Monday, July 4, 2011

Do we always have to hike?

Written by Adam

We make it a point to hike every week, but sometimes hiking just doesn't work out. Thunderstorms, a disappointing location, or just not feeling it can all bring the hike to an end. So we allow ourselves flexibility and keep alternatives at the ready, just in case.

Taking Emily to see my playground as a young boy. 

I am fairly particular about my outdoor experience. Growing up, I always had plenty of land available for hiking and exploring in sparsely populated areas with lakes, rivers, and forests. I took them for granted at the time, but today long for their accessibility. 

Now when we travel for treks, I maintain high expectations for what the hike should be like. If my expectations are not met, I rather bag it instead of suffering through the disappointment. Thankfully my companions feel the same way. If we look at each other and say, pardon the expression - "this sucks," we readily move on to something else. But what else is there to do? 

Here are a few activities I employ to cope when a hike goes bad. Some can be spur of the moment, but others require forethought and planning, so prepare a few ahead of time to pull out when needed.

1. Stay home

When I am at home, I know there are always things that need to be done - fix something, balance something, attend to something, work work work. But sometimes leaving the house is just a waste of time and gas (during downpours with lightning, for example), and I hate wasting both time and gas. 

So I need to be mentally strong and almost revel in the irresponsibility of reading a book all day, drawing (read 'doodling'), tying flies for fishing, rearranging my gear, enjoying some hobby, playing Farkle or Monopoly or Guess the Next Card, basketball, eating all day, not showering... well, maybe nix that last one. 

You get the idea - there is always a chore or household repair to do, but there are other important things to do at home as well  - have fun.

2. Thrifting

Thrifting is a fancy word for going to flea markets, thrift stores, and tag sales. 

The best thing about thrifting is you get that good feeling of buying something without the regret of spending too much, or buying new when it really isn't necessary.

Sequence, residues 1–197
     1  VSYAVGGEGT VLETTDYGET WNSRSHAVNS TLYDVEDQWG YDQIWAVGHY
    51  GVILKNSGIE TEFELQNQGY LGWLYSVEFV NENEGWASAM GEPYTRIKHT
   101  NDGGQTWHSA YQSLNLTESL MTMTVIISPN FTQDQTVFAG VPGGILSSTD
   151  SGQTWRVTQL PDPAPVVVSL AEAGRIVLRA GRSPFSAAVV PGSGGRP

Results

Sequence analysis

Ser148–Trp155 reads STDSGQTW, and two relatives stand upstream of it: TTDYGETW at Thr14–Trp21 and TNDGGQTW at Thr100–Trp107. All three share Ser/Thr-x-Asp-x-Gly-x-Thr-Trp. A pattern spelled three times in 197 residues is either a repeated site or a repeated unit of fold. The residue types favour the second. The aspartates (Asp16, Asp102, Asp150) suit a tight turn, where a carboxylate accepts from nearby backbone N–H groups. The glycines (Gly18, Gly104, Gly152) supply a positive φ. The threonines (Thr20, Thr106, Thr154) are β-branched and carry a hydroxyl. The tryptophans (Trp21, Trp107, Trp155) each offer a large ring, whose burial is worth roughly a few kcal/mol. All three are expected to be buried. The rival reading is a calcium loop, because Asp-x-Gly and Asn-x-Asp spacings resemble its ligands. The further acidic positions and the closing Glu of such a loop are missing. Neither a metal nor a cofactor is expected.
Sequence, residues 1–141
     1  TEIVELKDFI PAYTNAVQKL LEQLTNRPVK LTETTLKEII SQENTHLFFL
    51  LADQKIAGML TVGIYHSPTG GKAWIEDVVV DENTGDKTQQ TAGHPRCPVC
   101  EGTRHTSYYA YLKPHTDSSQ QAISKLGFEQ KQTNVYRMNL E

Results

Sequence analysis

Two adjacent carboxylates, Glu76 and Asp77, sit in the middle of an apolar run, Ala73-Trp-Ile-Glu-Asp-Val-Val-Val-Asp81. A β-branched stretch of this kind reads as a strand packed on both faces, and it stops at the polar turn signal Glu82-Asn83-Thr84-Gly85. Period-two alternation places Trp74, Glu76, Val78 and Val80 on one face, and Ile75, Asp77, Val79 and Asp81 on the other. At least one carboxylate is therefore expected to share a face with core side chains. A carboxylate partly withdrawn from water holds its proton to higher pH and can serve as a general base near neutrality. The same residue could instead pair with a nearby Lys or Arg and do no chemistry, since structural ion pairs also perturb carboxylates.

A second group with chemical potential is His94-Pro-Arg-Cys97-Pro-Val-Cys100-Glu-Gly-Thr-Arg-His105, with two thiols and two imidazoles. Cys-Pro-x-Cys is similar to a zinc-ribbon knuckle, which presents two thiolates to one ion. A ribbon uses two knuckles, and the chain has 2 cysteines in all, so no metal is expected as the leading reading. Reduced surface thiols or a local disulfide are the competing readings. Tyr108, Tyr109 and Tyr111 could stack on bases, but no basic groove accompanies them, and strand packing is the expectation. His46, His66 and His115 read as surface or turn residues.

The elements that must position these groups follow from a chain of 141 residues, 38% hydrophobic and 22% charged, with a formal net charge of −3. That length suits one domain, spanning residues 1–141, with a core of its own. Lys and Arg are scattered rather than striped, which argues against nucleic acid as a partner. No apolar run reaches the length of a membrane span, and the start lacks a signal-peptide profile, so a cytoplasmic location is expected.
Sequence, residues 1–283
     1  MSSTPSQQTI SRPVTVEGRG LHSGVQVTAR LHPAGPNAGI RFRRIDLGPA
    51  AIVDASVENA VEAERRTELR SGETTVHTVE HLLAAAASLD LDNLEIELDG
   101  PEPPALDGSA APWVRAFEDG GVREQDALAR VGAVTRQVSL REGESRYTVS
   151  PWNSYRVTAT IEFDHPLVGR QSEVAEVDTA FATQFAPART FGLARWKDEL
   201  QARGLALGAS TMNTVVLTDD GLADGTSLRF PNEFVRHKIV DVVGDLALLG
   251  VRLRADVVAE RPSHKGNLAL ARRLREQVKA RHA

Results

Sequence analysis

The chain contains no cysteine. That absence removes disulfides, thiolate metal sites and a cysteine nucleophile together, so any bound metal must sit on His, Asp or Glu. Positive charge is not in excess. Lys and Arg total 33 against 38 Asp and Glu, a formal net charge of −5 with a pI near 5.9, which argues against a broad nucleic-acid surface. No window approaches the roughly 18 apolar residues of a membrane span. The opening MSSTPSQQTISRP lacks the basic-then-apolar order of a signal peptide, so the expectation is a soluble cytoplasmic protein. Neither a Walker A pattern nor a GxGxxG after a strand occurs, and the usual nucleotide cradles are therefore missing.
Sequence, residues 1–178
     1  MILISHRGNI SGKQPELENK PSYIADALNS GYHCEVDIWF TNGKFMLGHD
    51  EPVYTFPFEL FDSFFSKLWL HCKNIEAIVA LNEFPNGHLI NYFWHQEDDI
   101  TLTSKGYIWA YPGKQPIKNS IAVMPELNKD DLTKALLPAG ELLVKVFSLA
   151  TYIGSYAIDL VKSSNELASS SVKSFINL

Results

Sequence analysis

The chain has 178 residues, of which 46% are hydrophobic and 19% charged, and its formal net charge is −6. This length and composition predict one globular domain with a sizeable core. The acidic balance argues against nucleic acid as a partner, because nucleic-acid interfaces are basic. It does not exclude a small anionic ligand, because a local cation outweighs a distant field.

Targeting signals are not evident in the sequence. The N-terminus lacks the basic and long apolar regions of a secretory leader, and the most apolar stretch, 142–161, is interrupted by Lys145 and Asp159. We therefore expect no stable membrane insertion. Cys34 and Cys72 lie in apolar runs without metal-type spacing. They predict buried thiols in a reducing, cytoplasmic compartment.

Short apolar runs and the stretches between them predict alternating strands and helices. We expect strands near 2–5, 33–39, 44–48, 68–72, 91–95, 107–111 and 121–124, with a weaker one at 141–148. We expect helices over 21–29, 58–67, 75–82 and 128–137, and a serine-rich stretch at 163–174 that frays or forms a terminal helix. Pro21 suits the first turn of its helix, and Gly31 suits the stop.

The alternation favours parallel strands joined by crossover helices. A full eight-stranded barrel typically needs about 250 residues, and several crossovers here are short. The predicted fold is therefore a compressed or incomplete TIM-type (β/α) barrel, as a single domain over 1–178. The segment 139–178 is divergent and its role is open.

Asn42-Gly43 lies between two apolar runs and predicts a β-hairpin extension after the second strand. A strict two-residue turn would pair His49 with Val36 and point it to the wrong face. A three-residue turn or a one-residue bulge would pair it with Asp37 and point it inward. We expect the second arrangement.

I keep a wish list handy of things, some practical, some not so much. 

What is on my list? A canoe, bamboo fly rods and old reels, yard tools, table saw and other woodworking tools, book titles, an air compressor, outdoor gear (like a surprisingly useful inflatable seat, pictured below), a cool woodsman ax, stuff like that. 

With a (somewhat) practical list in hand, and a budget in mind, the search for treasure is on. And I just may find an item or two, all the while staying clear of the mall.

3. See the sights

Gillette's Castle in Connecticut.

This one takes some planning. We are not touristy people, but there are plenty of great things to see around our area. 

For my day job, I spend significant time traveling around the state and when I pass something interesting, I add it to my list of things to do, complete with location and hours if available. I keep this list in my phone so items can be added the moment I come across them.

Because Connecticut was in the thick of the Revolution, we can see where Rochambeau marched, or a signer of the Declaration of Independence lived. Also old New England has early American mills with cool architecture, farm days and reenactments - the list goes on and on. 

Drive to Old Sturbridge Village where a family membership is only a little more than the day pass and we can go back a few times a year. Many local activities have no admission or just request a small donation, making it very affordable. If I am stuck, I grab the newspaper (the local free ones) for the calendar section, or I can get real proactive and contact my Chamber of Commerce well in advance, as they always know what's happening.

Here is my one important rule - I make sure it is something I want to do, and not something I have to do. We all  have plenty of things we have to do during the week, so make your free time just that - all yours.

What activities are on your alternate list if Plan A does not work out for your family?

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